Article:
Good Riddance to the F-22

It would be funny if it wasn’t so sad. While senators worry about how to pay for health care reform, threatening the best chance at achieving universal coverage in decades, forty of them nonetheless voted to keep the F-22 fighter plane in production yesterday. Hats off, and fiscal kudos to, the 58 senators who voted to stop production of the planes. And, to President Obama who threatened to veto the defense spending bill if it included money for more of the planes.

This was no swipe at the Pentagon by liberal Democrats. Secretary of Defense Robert Gates, appointed by President George W. Bush and asked to stay on by President Obama, led the effort to kill the F-22. Why? Because it is not needed. The plane was designed for a Cold War confrontation with Soviet jets. But the Cold War is over, there is no more Soviet Unions and the F-22 was ill-suited for the counter-insurgency fighting the Pentagon has to undertake in Iraq and Afghanistan.


Lockheed-Martin, which makes the F-22, did not become a successful company by being stupid. The parts for the F-22 were made at different plants across the country so that they could build political support for the program. No congressman or senator wants to see jobs lost in his district, especially now when the economy is in the tank.

At a time when everyone is genuinely concerned about rising deficits and the need to find money for health care reform, building planes that the Pentagon does not want sure seems like the height of stupidity or hypocrisy, take your pick. Certainly, any of the 40 senators who voted to keep the F-22 in production (14 Democrats and 26 Republicans) should be barred from saying anything about "wasteful government spending" for at least a year.

I hope that the White House and the 58 senators who voted the correct way yesterday will keep examining the Pentagon budget. As we debate health care reform, it is good to remember that if President Bush had listened to Pope John Paul II and not gone to war in Iraq, we would have sufficient funds to reform the health care system. There are other weapons systems that are hold-overs from the Cold War that can and should be scrapped. Yes, the job loss is worrisome, especially because many of those who work on Pentagon projects are highly skilled engineers and mechanics, but how much better to put those men and women to working making better rail and subway systems, or rebuilding other basic infrastructure needs, or creating wind farms and other renewable energy projects. There are a lot of things to be done to improve America but building planes we don’t need is not one of them.

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9 years 6 months ago
Aerospace engineering is a very specialized field.  The real alternative to the F-22 is to put these folks to work on the space program.  Currently, the space program is in the same appropriation as HUD, which means that to fund more space you fund less housing.  If you located NASA in the DoD R&D and procurement budgets, you could cut defense and increase space and not damage the industrial base.
9 years 6 months ago
This is an overblown 'victory'.  There's another boondoggle on the way, the F-35.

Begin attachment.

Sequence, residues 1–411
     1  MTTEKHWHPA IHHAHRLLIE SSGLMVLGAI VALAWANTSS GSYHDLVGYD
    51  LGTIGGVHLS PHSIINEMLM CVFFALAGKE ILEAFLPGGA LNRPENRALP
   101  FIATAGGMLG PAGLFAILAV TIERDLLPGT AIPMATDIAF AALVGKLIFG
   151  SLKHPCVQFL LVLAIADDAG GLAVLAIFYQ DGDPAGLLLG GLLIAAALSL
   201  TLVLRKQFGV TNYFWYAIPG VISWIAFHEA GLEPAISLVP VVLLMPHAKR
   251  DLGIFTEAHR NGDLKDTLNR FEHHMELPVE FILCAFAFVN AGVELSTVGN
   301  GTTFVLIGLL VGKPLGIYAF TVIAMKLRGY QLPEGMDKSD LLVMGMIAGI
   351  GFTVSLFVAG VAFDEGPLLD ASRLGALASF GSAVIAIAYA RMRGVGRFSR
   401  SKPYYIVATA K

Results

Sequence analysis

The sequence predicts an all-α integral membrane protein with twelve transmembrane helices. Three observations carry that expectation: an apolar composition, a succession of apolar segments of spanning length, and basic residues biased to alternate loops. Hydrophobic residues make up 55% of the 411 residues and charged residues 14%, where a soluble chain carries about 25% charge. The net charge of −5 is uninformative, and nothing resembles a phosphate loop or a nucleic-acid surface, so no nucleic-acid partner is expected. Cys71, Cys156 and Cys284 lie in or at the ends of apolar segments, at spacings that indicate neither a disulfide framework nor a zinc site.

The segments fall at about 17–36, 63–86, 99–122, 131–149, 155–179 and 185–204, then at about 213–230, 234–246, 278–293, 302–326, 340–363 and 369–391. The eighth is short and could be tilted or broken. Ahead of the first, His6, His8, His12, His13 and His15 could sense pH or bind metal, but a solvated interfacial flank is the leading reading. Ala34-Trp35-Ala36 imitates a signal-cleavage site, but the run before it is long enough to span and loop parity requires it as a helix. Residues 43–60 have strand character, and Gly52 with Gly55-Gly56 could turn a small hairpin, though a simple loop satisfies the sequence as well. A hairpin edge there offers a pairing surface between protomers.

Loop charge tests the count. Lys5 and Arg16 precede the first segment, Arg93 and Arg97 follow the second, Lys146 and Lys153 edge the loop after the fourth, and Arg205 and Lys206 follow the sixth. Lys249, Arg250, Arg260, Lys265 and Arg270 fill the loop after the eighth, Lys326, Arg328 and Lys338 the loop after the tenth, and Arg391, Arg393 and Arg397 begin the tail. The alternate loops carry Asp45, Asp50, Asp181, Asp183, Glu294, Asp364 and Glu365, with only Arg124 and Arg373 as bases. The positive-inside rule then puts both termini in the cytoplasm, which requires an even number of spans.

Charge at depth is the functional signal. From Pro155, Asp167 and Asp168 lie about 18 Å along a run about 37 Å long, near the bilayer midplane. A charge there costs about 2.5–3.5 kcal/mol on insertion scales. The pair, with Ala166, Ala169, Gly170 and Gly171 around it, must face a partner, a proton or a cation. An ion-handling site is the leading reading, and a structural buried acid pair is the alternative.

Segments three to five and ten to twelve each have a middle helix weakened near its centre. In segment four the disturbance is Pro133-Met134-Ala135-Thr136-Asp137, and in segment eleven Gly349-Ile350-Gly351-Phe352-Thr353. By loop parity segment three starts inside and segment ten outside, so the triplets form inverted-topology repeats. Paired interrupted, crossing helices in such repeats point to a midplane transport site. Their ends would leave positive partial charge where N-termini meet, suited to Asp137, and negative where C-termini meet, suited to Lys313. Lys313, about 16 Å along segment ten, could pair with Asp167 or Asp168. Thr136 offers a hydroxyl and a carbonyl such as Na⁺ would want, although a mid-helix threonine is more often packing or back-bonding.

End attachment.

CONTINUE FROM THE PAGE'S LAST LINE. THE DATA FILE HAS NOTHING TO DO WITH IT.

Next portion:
Obama is still increasing the military budget and increasing the size of the Army.
Winters seems to be an apologist for bloody-handed liberals whose high ground is an appeal for more efficient conquest, hence the trimming of the F-22 is "not a swipe at the Pentagon by liberal Democrats."  Heavens no!
...and, "the F-22 was ill-suited for the counter-insurgency fighting the Pentagon has to undertake in Iraq and Afghanistan."  Don't blame Dick Cheney for trying to create secret death squads when "reasonable" attitudes like this are the status quo. 
The F-22 is an inefficient warmaking machine?
9 years 6 months ago
comment cut off at the end:
"The F-22 is an inefficient warmaking machine? Good, they should all be that way."
9 years 6 months ago
From a militaristic point of view, the F-35 is just what the warfighters need.  As long as we use them, we should give them what they need.  Sadly, we are not yet at the phase where we can get to peace by simply declaring it.  We must first work for justice - especially for the workers - both overseas and at home.  Until Caritas in Veritate is put into practice we will need the F-35.
9 years 6 months ago
Wars are unfortunate but manufacturing is not.  A country that does manufacturing is somewhat grounded.  Those that don't start growing silly people doing silly things like generating economic phantasms the likes of which we've seen in the last two decades.  A great deal of the manufacturing that hasn't gone overseas is that done for the military.  I hope we keep making SOMEthing.  Better a beautiful machine like an F-22 (sorry, it IS beautiful) than economic derivatives.  Or else make the alternative energy devices HERE and not in exploited labor countries.  But will it happen in that way?
9 years 6 months ago
Spot on!
Thank God there is still reason in the States.
9 years 5 months ago
Clearly, and sadly, many people (including some here) think that war is a jobs program.  They also hold the belief that ONLY war machines can be jobs programs.  Since the government ordered the F-22, and all other war machines, why can't that same government cancel that order and replace it with an order for something peaceful?  Instantly, many people decrying 'socialism' would swoop in and claim such a thing is anti-American.  But, of course, building unnecessary weapons platforms should be continued for the benefit of American manufacturing, as Stanley seems to think.
Michael's statement would be hilarious if only he weren't serious:  ''Until Caritas in Veritate is put into practice we will need the F-35.''  No time like the present, Michael.


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